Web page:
1049

During a relatively unstable period in Egypt, a relative of the caliph, Uddat ad-Dawlah Rifq al-Mustansiri, becomes emir of Damascus, but only briefly.

1057

The invasion of the Banu Hillal sees Kairouan destroyed. The Zirids are reduced to ruling a narrow coastal strip while the remainder of the territory fragments into petty Bedouin emirates.

1060 - 1072

Tension in Fatamid Cairo has been slowly growing over the course of the century due to the caliphate's policy of organising military units based on ethnic background. While this policy has generally been effective in military terms, its effect on the political sphere has been more disruptive, pitching Berber factions against Turkic factions. In the 1060s, Egypt suffers a series of droughts and famines, and the delicate political balance breaks down completely. Turkic and Nubian troops fight openly while the Berbers chop-and-change according to circumstance. Eventually, the Turks seize most of Cairo and hold the caliph to ransom while the Berbers and Nubians are loose in the countryside.

1065 - 1068

The four qadits of Sicily have largely been rebuilt into a single emirate by Ayyub ibn Tamim, the son of the Zirid emir of Ifriqiyya (regional governors of the Fatamids). He departs in 1068, leaving behind an island that remains divided between Arabs and Byzantines, and is not strong enough to continue to hold out against fresh attacks from Apulia.

1072

Desperate to resolve the ongoing situation in Cairo, Caliph al Mustansir recalls General Badr al-Jamali, governor of Acre and Palestine (and former of governor of Damascus in 1063). He successfully puts down the various rebel factions, clearing out much of the Turkic presence at the same time. However, the caliphate has been seriously weakened by the revolt. Badr al-Jamali becomes the first military vizier of the caliphate (along much the same lines as the magistri militum of the late Western Roman empire, and they dominate the caliphate in much the same way as the late Roman emperors had been dominated). The military viziers become the heads of state in Egypt in all but name, with the the caliph reduced to the role of figurehead.

1076

Turkic invasions see Syria conquered fairly rapidly. Abaaq al-Khwarazmi is a general under the command of Malik Shah I, the Seljuq great sultan, but Damascus quickly becomes the capital of a newly independent state (either an emirate or the more grand sultanate) under the general, making him the first Seljuq to gain independence from his overlord. The loss is just another outward sign of the Fatamid collapse.

1094

Following the death in the same year of al Mustansir and his strong vizier in Egypt, Badr al-Jamali, a series of weak caliphs sit on the throne and struggle against their viziers to see who will dominate. The Fatamids are crucially compromised by this internal power struggle.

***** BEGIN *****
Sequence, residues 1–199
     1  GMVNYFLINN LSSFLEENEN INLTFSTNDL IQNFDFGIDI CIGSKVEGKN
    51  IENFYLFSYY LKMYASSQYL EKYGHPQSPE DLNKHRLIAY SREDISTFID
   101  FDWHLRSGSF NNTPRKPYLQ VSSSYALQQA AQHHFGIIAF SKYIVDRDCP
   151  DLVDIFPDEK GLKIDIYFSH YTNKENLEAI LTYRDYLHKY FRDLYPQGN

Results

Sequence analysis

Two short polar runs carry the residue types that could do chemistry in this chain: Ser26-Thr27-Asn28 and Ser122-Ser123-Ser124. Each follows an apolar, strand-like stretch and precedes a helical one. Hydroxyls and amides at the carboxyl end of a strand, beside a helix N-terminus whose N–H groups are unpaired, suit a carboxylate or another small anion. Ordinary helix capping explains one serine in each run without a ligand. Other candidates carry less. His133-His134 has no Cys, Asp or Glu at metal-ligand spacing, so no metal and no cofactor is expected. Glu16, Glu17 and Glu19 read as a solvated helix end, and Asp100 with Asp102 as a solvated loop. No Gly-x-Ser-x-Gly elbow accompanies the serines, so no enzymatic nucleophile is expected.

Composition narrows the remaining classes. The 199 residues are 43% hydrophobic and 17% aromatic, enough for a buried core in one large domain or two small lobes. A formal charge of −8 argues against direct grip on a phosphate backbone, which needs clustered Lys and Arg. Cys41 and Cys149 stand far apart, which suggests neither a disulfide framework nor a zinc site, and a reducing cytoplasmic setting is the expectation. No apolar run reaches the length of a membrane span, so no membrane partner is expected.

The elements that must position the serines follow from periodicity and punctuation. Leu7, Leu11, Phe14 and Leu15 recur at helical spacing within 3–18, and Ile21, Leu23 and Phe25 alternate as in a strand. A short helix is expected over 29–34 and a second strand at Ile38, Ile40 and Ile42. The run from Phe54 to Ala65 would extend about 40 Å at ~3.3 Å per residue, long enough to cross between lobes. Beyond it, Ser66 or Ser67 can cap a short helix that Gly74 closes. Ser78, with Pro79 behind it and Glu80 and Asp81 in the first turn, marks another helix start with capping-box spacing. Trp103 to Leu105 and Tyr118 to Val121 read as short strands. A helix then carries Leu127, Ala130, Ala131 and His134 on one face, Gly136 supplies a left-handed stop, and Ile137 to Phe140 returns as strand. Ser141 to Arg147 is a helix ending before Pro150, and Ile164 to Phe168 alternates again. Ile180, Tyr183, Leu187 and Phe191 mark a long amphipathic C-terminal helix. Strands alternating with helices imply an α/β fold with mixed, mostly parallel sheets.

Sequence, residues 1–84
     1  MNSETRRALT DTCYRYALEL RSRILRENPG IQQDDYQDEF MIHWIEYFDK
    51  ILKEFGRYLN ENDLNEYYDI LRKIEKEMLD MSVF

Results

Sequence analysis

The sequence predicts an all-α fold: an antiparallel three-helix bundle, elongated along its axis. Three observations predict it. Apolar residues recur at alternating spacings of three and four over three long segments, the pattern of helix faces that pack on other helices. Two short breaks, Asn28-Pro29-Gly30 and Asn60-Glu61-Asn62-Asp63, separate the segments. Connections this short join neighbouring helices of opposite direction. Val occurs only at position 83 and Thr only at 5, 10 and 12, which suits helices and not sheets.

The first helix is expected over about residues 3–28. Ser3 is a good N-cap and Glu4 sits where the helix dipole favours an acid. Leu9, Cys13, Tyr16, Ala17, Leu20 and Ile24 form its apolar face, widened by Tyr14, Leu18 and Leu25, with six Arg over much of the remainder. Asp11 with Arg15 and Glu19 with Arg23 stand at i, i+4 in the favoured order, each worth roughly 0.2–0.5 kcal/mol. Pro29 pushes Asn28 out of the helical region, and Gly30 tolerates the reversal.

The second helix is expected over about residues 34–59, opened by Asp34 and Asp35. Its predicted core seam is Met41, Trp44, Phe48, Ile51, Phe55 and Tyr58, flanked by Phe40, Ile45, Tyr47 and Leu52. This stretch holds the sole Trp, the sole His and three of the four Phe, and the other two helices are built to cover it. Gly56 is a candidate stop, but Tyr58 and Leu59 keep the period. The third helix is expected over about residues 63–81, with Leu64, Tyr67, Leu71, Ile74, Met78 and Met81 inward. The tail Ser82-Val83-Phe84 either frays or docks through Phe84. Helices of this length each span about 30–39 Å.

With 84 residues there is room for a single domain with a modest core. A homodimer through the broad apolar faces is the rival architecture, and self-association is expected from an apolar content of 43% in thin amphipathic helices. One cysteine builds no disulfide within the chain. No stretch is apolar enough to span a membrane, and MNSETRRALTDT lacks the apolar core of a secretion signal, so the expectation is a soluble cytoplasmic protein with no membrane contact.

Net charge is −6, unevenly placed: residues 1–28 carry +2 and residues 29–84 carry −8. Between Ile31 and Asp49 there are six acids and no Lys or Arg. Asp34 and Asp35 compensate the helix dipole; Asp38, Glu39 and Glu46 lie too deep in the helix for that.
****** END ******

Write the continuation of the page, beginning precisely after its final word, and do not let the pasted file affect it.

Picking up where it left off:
1094 - 1101

Al Mustali

Raised by Vizier Al-Afdal Shahanshah, breaking the succession.

1096 - 1099

With Fatamid power in the region at an all-time low, the arrival of the First Crusade achieves relatively easy conquests between Edessa and Jerusalem, part of the Christian domain of Outremer. In 1099, the main Crusader force conquers the Holy City of Jerusalem, and Godfrey de Bouillon becomes the 'Protector of Jerusalem'. Islam barely registers the loss, so divided is it between warring Sunni and Shiite factions. The prevailing belief is that this is a short-term Byzantine raid in strength that will eventually go away. Instead, four main Crusader States are formed.

Crusaders
The coming of the Crusaders occurred at a time when the Islamic world was deeply involved in factional in-fighting, and at first they were dismissed as being a a mere Byzantine raid

1101 - 1130

al Amir bi-Ahkami I-Lah

Son. Murdered.

1123

King Baldwin II of Jerusalem is captured by the Ortoqids in northern Syria. In his absence the kingdom is governed by the constable of Jerusalem, Eustace Grenier, and the Fatamid military vizier, Al-Ma'mum, spies an opportunity to capture the coastal stronghold of Jaffa. Launching his attack from Egypt, Al-Ma'mum's force is intercepted by Crusader troops at the Battle of Yibneh (or Yibna), close to the Fatamid coastal fortress of Ashkelon (Ascalon). The battle is short and decisive, with the Fatamid fleet also being destroyed by the Venetians, and the Fatamid threat is virtually ended for the next thirty years.